The North Shore’s three municipalities are getting on the same page on transportation issues, at least at the staff level.
City of North Vancouver, District of West Vancouver and District of North Vancouver councils all endorsed a plan Monday night to form a North Shore municipal transportation committee.
Under the committee’s terms of reference, top transportation, engineering and planning staff from each local government will meet at least four times a year to co-ordinate on local priorities, consult with and advocate to senior levels of government and outside agencies like TransLink and report back to their respective councils.
Some of the suggested priorities brought up by West Vancouver director of engineer and transportation Ray Fung in his presentation to council included: considering a single North Shore transit operator, exploring the possibility of a joint bus depot, lobbying for a B-line bus from Maplewood to Dundarave, completion of the Spirit Trail, improvements to Highway 1’s interchanges and better traffic management at provincially controlled intersections like Taylor Way and Marine Drive.
“I believe that the municipal voice is stronger when advocating to senior governments if we work together rather than separately,” Fung said. “Even between neighbouring jurisdictions, say between West Van and North Van, there would be better co-ordination of our own actions or individual municipal actions if we met together more formally.”
Not on that list is a third crossing over (or under) Burrard Inlet, unless it is for transit, not personal vehicles.
“The fact is, the City of Vancouver is not supportive of more vehicles entering their downtown core,” Fung said.
Although enthusiasm for the plan ranged from warm to highly skeptical, the idea received unanimous support from all 21 elected council members in the three municipal halls.
“I think it’s a long time coming,” said Coun Lisa Muri at DNV council. “It would be nice if we had a committee to look at these things, especially at the pace that we’re changing and the with challenges that we’re facing, and, certainly in the last five years, we’re facing great trouble in movement across the North Shore. I fully support this. I think the community will fully support this.”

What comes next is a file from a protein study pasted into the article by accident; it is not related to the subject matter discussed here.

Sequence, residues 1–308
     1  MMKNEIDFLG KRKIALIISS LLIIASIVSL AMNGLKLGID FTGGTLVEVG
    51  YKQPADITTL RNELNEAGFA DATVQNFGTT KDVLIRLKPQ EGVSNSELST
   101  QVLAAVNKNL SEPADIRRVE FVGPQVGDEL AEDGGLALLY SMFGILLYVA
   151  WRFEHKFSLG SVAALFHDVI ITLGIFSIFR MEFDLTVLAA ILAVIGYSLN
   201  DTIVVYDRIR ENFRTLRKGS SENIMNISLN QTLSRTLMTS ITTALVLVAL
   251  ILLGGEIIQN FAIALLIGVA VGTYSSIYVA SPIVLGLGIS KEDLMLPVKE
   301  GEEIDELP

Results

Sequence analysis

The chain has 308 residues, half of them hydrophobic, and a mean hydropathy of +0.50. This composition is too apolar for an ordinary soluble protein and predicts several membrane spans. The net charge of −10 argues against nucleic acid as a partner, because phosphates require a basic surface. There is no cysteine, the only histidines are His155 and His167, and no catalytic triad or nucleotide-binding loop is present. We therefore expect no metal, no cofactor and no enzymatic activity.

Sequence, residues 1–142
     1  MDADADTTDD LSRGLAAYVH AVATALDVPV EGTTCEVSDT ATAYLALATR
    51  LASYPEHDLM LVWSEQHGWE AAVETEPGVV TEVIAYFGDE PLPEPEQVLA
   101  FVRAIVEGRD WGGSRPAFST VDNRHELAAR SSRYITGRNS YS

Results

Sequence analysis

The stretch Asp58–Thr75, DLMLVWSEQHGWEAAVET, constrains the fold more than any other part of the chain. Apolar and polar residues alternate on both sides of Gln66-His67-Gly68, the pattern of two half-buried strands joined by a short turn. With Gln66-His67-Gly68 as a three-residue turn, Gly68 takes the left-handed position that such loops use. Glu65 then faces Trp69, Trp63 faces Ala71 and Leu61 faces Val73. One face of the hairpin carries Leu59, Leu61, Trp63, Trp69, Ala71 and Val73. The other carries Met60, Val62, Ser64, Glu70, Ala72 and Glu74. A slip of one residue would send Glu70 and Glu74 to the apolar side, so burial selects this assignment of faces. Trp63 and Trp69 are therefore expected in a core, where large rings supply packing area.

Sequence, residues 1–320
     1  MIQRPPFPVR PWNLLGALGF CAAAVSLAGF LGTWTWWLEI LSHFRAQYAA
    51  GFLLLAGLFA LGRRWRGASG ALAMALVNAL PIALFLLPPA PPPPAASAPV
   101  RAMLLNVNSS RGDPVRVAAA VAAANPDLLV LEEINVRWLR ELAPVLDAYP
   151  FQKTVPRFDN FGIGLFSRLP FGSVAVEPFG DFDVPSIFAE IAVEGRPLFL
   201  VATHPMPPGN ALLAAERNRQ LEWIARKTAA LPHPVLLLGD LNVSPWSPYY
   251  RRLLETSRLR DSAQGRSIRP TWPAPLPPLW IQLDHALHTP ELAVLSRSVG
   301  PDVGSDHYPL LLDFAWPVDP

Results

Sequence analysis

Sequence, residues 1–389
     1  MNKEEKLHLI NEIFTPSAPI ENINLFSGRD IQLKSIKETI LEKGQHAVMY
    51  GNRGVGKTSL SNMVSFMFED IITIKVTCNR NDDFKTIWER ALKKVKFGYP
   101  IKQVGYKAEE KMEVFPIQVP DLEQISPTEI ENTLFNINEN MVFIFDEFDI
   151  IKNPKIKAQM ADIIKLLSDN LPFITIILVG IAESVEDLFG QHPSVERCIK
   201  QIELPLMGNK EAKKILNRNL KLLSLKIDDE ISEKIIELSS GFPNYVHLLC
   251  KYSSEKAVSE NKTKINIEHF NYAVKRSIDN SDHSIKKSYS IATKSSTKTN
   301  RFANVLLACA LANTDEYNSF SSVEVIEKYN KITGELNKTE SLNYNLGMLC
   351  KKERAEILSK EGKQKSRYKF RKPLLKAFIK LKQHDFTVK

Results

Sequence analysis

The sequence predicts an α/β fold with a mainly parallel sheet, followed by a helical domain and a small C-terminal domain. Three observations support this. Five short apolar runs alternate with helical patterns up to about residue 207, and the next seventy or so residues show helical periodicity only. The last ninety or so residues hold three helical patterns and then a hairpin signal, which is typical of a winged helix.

Others, however, showed concern about the lack of political or public representation on the committee.
“I’m just concerned that there won’t be enough opportunity for the political bodies who are ultimately going to have to advocate … to steer, have input, keep apprised of the activities of this committee,” said West Vancouver Coun. Mary-Ann Booth. “We also hear from our residents a lot about problems but they also come up with some pretty good solutions. Where is that link? Where is that opportunity?”
District of North Vancouver Coun. Roger Bassam pointed out the three municipalities often don’t share the same goals. And if the North Shore wants to speak with one voice, it should be pursuing amalgamation, he added.
“I know historically we haven’t done a good job of sharing information so I certainly see this as a good opportunity to better share information, certainly at a staff level, but ultimately we’re going to need one political decision-making group ... for the North Shore. I’m always a little wary that these committees are offered up as a substitute towards a unified political voice for a community,” he said.
West Vancouver Couns. Craig Cameron too suggested the transportation committee might be a “half-measure.”
“The mayor might strangle me for this but I think we also need to be discussing larger planning issues …. with the other North Shore municipalities because there’s no sense in us making planning decisions in isolation and the District (of North Vancouver) doing the opposite,” he said.
At North Vancouver City council, Mayor Darrell Mussatto said, while there are “a lot of commonalities” throughout the North Shore, the city has made it clear its top three clear priorities: public transit, walking and cycling.
City Coun. Linda Buchanan noted the worsening congestion is thanks in large part to North Shore workers who can’t afford the cost of housing here and must commute.
“It becomes our problem because it’s impacting our local roads which then impacts our economy,” she said.